More programs, more students and more features, that’s what Lon Morris College has planned. President Miles McCall said next on the list of additions is a sort of hospitality, restaurant and tourism management program.
“It used to be called home ec and it is a selection for high school students,” McCall said. “We didn’t have it and some students didn’t consider us.”
He said because the college is adding the program to its list of curriculums it will attract a larger group of students and will move closer to its goal of 1,000 students.
“Our goal is to grow to that 1,000 residential students,” he said.
Also part of Lon Morris’ goal in this management program is to have a new off-campus facility and partners to give students a valuable learning experience, McCall said
Negotiations with facility and partner prospects are still underway and McCall said he couldn’t announce any names until documents are signed.
A new faculty member has been hired to lead the charge into new territory. McCall said Breezy Lake, who has a master’s degree in hospitality management and who has worked in five-star properties across the world, is working on a recruiting process to make students aware of this program
Lake was not available for comment Wednesday afternoon.
McCall said he would like to see, some time in the future, a dinner prepared by Lon Morris College students, hosted by the college students and set to a theater presentation by the students.
The management program is just the most recent project to come down the pipes for the college. McCall said LMC is in the process of completing a campus Wi-Fi project which will make every corner of the campus Wi-Fi compatible.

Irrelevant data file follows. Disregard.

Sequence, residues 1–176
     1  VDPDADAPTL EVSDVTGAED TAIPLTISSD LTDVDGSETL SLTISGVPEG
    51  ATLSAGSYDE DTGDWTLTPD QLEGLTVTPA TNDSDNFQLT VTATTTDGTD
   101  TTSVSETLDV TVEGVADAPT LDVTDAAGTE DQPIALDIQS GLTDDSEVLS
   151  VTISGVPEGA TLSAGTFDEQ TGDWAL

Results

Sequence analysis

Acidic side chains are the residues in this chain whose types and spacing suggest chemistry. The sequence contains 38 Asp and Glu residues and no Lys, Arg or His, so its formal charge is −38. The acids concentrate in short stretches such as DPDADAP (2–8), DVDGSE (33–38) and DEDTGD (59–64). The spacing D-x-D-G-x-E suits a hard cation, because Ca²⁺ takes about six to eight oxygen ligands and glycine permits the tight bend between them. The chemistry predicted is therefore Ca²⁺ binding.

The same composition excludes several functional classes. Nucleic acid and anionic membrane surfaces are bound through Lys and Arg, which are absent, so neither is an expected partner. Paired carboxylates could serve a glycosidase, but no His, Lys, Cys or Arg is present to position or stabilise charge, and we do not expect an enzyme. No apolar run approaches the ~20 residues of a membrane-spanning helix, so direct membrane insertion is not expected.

“It’s an expensive process but we need it to be competitive with other schools,” he said.
Lon Morris will also continue to use Trade Winds and America’s Best Value Inn as off-campus lodging but is also in the process of constructing additional housing on campus, McCall said.
One point McCall said he wanted to make is many people comment about all the growth in students Lon Morris has had.
“We had great growth this year, but we’re still the third smallest in the state,” McCall said. “If we grow to 1,000 we will still be the third smallest.”
He said he believes having 1,000 students will equate to a better college experience for each student because it will ease them into the full college life and prepare them for a large four-year school more effectively than a school with 350 students can.
“It’s a pretty big jump from 350 to 2,000,” McCall said.
He also said the college’s board of trustees is considering a process of expanding some curriculums to four-year studies, though he added this process could take upwards of 10 years and no small financial commitment.
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